When service providers look at their workflows, or consider implementing a modified or completely new workflow, many factors come into play. Automation is of course the ultimate goal. Increasing throughput, decreasing the number of labor-intensive human “touches”, and making it easier to handle exceptions are just a few of the many benefits that come from automation.
In the UK alone the ‘purple pound’ is worth around £249 billion. Globally, the combined spending power of disabled people is reported to be, a staggering, $6 trillion. As these figures only take into account people who live with a permanent disability, and not anyone who may be experiencing a temporary or situational impairment, it is undoubtedly a conservative estimate. Add to this the projected growth figures due to an ageing population and you have to wonder why companies are not focusing more of their time and effort on attracting and servicing the needs of this valuable market.
In our last post we looked at some of the critical concerns for migrating legacy customer communication archives to next generation ECM platforms. But aside from technological solutions, you also need practical ones and best practices to successfully migrate a customer communications archive.
Businesses that create an exceptional customer experience (CX) can gain an advantage over their competitors. They recognize that communications are critical to establishing and maintaining customer relationships and that personalizing the delivery of customer communications is essential to the success of their CX strategy. Consumers expect a seamless, consistent experience across the various channels and devices used to interact with a marketing or transactional communication. In the mobile-first world in which we work and live, businesses need to ensure that all customer communications are constructed and delivered in a mobile-ready format, that responds to the device being used.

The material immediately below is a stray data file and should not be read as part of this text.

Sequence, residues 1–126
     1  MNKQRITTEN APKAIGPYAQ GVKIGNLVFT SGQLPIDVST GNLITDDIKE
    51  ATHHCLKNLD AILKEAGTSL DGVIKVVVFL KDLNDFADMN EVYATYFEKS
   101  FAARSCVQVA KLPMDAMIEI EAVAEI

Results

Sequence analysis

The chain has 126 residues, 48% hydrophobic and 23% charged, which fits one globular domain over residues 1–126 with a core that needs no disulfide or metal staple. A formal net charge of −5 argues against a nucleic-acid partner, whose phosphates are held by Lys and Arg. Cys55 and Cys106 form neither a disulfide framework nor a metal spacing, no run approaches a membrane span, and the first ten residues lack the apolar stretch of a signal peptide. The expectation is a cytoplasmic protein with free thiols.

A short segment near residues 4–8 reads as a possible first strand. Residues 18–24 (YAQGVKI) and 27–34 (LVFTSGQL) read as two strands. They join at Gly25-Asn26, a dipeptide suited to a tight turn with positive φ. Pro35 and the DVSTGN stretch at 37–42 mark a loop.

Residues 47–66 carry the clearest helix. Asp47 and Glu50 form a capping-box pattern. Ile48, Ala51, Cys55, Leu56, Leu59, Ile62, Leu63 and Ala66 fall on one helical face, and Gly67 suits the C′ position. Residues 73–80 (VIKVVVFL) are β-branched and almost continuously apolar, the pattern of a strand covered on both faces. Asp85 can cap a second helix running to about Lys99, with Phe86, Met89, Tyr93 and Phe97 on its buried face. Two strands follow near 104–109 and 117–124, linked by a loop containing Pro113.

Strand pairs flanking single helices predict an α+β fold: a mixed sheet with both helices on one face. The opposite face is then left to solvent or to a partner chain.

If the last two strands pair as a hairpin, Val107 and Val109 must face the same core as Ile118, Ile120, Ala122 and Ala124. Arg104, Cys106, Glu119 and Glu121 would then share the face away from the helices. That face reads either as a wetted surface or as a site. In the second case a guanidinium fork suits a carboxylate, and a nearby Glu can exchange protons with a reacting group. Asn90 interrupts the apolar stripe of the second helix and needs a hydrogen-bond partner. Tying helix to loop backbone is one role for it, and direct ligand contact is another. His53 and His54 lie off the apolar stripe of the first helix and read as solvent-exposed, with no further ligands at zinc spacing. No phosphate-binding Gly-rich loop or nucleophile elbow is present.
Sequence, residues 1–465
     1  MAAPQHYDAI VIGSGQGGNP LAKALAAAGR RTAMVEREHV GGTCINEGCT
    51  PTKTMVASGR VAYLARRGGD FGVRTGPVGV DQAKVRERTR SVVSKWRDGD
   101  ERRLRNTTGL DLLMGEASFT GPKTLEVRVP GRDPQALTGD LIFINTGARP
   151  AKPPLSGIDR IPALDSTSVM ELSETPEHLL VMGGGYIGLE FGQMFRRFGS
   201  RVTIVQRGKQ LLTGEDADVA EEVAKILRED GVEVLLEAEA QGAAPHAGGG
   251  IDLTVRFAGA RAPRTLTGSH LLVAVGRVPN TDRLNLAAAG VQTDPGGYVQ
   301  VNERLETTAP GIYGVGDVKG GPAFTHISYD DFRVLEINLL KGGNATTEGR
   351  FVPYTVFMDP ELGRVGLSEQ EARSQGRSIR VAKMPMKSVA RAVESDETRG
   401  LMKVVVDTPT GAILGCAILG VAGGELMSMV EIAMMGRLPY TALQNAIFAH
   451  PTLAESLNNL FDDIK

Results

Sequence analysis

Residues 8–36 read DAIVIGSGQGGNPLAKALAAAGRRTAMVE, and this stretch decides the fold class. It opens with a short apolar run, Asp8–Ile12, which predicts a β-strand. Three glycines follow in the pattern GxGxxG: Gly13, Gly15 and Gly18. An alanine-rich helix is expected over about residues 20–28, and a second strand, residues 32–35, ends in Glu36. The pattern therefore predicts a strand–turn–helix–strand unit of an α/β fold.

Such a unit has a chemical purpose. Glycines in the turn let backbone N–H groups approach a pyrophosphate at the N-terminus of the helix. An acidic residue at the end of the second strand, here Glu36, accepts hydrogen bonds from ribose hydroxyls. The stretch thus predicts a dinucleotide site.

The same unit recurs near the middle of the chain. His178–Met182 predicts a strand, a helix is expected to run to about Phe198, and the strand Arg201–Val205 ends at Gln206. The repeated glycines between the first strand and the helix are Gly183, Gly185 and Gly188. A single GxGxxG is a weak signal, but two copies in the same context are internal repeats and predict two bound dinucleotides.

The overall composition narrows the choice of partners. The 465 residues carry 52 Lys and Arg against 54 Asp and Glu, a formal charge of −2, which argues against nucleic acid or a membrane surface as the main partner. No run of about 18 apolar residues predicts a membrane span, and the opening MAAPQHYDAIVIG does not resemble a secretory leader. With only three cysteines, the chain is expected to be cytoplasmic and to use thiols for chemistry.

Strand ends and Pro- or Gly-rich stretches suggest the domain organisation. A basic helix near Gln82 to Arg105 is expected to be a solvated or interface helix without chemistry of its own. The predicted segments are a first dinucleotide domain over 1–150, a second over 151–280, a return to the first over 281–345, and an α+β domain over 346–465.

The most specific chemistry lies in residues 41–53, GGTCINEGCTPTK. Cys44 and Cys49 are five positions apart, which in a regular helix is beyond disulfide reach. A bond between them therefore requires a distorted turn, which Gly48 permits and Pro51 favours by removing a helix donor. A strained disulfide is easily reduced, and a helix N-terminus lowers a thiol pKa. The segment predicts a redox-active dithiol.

In out last post we looked at the ideal characteristics of a next generation customer communication archiving platform. In this post we look at one some of the critical concerns for migrating legacy customer communication archives to next generation ECM platforms.
We are pleased to announce the release of CrawfordTech version 4.9. DTE or Digital Transform Engine, which is the foundation of the CrawfordTech portfolio, encompassing our document transformation and reengineering technology in addition to accessible conversions and other supporting solutions.
So, your customer communications archive is old, obsolete, costly, and complex to maintain. It is for those reasons, along with the desire to boost information governance, compliance and to enable better business process management that organizations decide to make the move to a next generation document archive. In this blog we look at what makes an ideal next generation customer communication archiving platform.
When the W3C (World Wide Web Consortium) announced the launch of its Web Accessibility Initiative (WAI) in 1997, Tim Berners-Lee, the inventor of the World Wide Web stated that “the power of the web is in its universality. Access by everyone regardless of disability is an essential aspect.”
Accessible digital documents, which are principally Accessible PDF and HTML5 are a rapidly growing required format and delivery obligation for many enterprises – especially those that deal in any way with governmental entities. There is significant risk and surprisingly high cost in adopting the narrow minimalist “Accommodation Strategy” that many companies follow. This approach exposes companies to unplanned and unbudgeted risk and expense of litigation as well as reactive remediation labor and cost in the effort to make documents accessible as “one-off” exercises.
In the past few years CrawfordTech has frequently referenced our Net Promoter Scores. In 2017, we proudly announced that we had received a +63, in 2018 we announced a great score of +68 and in March of this year, we issued a press release that our latest NPS score is +75! But what does this mean? And why would anyone care? Is a +68 or +75 really that great? After all, when we were all in school a score like that would have meant getting a D, or at best a C.